By Carmen Cole
With divorce rates high and more marriages in trouble than ever before, many are trying to nip marital problems in the bud–before the marriage even starts. Premarital counseling is a trend grabbing hold across the nation, and BYU is among those leading the fight for happy, enduring marriages.
“I’m trying to do everything I can to lower the divorce rate,” says Robert Stahmann, professor of family sciences at BYU. Brent Barlow, associate professor of family sciences, agrees. “I just want to join others in helping promote stable marriages,” he says. “We’re in the marriage-saving business. We’re divorce busters.”
Premarital counseling is a process, Stahmann says, ideally entered into several months before marriage, where counselors work with couples to make them aware of issues and potential problem areas–such as values, financial expectations, roles, or intimacy–that could affect their marriage.
“Premarital counseling is a process whereby people are learning about themselves a little bit, but more about the relationship and each other, and maybe tasks or dimensions of the marriage that they’re going to experience, before they experience it,” Stahmann says. “Couples are there to enhance their relationship. It’s not a screening process.”
Historically, most premarital counseling has been done by clergy, Stahmann says. In one study, he found that 94 percent of clergy from 44 states and six different Protestant denominations want premarital counseling to become mandatory for engaged couples.
BYU has long offered family science classes such as marriage preparation, marriage enhancement, and parenting and has offered individual premarital counseling for about 30 years. Most recently, BYU has added group premarital workshops, a Marriage Resource Center, and an inventory test.
When he first came to BYU in 1975, Stahmann says a marriage and family therapy clinic on campus was offering premarital counseling in the form of an evening lecture here and there and one-on-one counseling with couples. While lectures and counseling still continue, the trend has moved toward group counseling.
“In the old days there used to be a stigma attached to any kind of mental health counseling, but now there isn’t,” Stahmann says. “Now we put an ad in the paper or distribute a flyer, and people come in.”
In group counseling conducted at BYU’s Comprehensive clinic, three to six couples (sometimes more) meet with two counselors (a male and female) once a week for six to eight weeks to discuss their relationship, expectations, and hopes. Graduate interns conduct the counseling workshops year-round under Stahmann’s supervision.
One advantage to the small, structured group is that couples not only identify their own struggles, but also see the challenges other couples face. “There’s a kind of wonderful sharing that goes on when you get some of these couples together and they talk about their fears or apprehensions, and they’re finding out, ‘We’re not that different from other couples with the issues we’re facing,'” Stahmann says.
The couples in the group sessions say they prefer it over individual counseling. Couples fill out a survey at the end of the workshop, and Stahmann says in the group that finished in April, all the participants indicated they would recommend the class to a friend and would take the workshop over again. “It’s not scary, and people find it useful,” he says.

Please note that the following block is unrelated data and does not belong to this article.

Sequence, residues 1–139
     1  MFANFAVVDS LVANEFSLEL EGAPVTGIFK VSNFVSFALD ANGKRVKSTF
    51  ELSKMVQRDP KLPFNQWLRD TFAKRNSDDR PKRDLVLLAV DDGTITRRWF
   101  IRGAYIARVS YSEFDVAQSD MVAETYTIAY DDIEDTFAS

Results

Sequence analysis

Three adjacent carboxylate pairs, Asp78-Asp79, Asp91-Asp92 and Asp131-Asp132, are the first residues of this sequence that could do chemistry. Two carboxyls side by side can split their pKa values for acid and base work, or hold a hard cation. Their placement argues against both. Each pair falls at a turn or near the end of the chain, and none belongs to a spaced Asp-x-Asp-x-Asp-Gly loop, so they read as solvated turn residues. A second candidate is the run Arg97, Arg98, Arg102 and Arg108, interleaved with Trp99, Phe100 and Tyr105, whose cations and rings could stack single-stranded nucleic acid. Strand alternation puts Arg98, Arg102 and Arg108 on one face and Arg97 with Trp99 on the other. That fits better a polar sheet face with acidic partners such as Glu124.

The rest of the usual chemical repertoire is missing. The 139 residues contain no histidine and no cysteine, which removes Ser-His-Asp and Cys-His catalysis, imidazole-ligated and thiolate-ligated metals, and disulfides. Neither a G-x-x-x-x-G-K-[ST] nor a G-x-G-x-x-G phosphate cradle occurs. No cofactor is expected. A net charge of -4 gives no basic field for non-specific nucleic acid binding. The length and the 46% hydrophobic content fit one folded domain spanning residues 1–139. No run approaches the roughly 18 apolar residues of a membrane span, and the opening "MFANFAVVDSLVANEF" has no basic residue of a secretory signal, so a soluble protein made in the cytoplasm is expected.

Another way BYU is leading in premarital counseling is through an inventory test created by the Marriage Study Consortium–a group of scholars primarily made up of BYU faculty.
Released in May 1997, RELATE takes an inventory of the couple’s premarital relationship by asking each person about values, expectations, personality dimensions, the type of relationship they have, family background, and, on some tests, financial readiness. The test addresses the same issues discussed in premarital counseling, but the results go directly to the couple rather than through a counselor.
RELATE’s precursor was an inventory called PrepM, which has been administered to more than 13,000 people at BYU, Notre Dame, Syracuse, and other universities nationwide, Stahmann says.
The Marriage Resource Center is the newest program to join the fight for happy, stable marriages. Barlow founded the Internet-based center (https://familycenter.byu.edu)after hearing a charge from President Gordon B. Hinckley to “reach out with a helping hand to those whose marriages have become troubled” (Speeches 199697 [Provo: Brigham Young University], pp. 2127).
“I just decided that we have too many good students and too many good resources just to keep it here on campus,” Barlow says. The center is designed to direct people to resources that can help their marriages. While Barlow and the students working with him cannot offer advice for legal reasons, they answer queries (submitted by phone or via the Internet) by helping people find other available resources.
The LDS Church’s beliefs and focus on families influences BYU’s emphasis on premarital counseling. Both professors say the Church’s “The Family: A Proclamation to the World” encouraged them in their field.
“That’s such a great statement,” Stahmann says. “It really solidifies what we know and what we’re teaching at BYU about the family.”
Both Barlow and Stahmann taught at other universities before coming to BYU. Although there is a national interest in marriage preparation, they cite a difference in the way premarital and marital counseling and teaching is approached at BYU. Stahmann says at other schools he had to be careful about the “M” word: marriage. He also couldn’t teach that chastity and fidelity strengthened a marriage.
Barlow cites the commonality of the gospel as a reason for the difference at BYU. “Family science courses are not supposed to be religion courses, but we are encouraged to integrate the gospel–and we should integrate gospel principles here at BYU,” he says.